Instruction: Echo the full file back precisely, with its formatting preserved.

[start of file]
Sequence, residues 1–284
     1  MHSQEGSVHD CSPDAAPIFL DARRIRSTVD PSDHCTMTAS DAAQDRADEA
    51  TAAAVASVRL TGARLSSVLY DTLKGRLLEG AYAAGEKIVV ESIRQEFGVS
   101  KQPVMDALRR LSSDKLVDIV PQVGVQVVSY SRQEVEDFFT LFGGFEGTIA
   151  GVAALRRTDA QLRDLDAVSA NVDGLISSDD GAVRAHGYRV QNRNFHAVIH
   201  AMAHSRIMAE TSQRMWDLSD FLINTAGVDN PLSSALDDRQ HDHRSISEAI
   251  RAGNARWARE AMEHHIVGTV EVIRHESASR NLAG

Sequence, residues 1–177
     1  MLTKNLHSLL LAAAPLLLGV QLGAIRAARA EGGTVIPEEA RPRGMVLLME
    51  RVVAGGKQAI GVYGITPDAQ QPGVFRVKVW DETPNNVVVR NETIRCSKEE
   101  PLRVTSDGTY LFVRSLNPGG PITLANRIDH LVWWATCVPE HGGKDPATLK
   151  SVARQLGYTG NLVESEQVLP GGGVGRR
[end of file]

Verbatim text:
Sequence, residues 1–284
     1  MHSQEGSVHD CSPDAAPIFL DARRIRSTVD PSDHCTMTAS DAAQDRADEA
    51  TAAAVASVRL TGARLSSVLY DTLKGRLLEG AYAAGEKIVV ESIRQEFGVS
   101  KQPVMDALRR LSSDKLVDIV PQVGVQVVSY SRQEVEDFFT LFGGFEGTIA
   151  GVAALRRTDA QLRDLDAVSA NVDGLISSDD GAVRAHGYRV QNRNFHAVIH
   201  AMAHSRIMAE TSQRMWDLSD FLINTAGVDN PLSSALDDRQ HDHRSISEAI
   251  RAGNARWARE AMEHHIVGTV EVIRHESASR NLAG

Sequence, residues 1–177
     1  MLTKNLHSLL LAAAPLLLGV QLGAIRAARA EGGTVIPEEA RPRGMVLLME
    51  RVVAGGKQAI GVYGITPDAQ QPGVFRVKVW DETPNNVVVR NETIRCSKEE
   101  PLRVTSDGTY LFVRSLNPGG PITLANRIDH LVWWATCVPE HGGKDPATLK
   151  SVARQLGYTG NLVESEQVLP GGGVGRR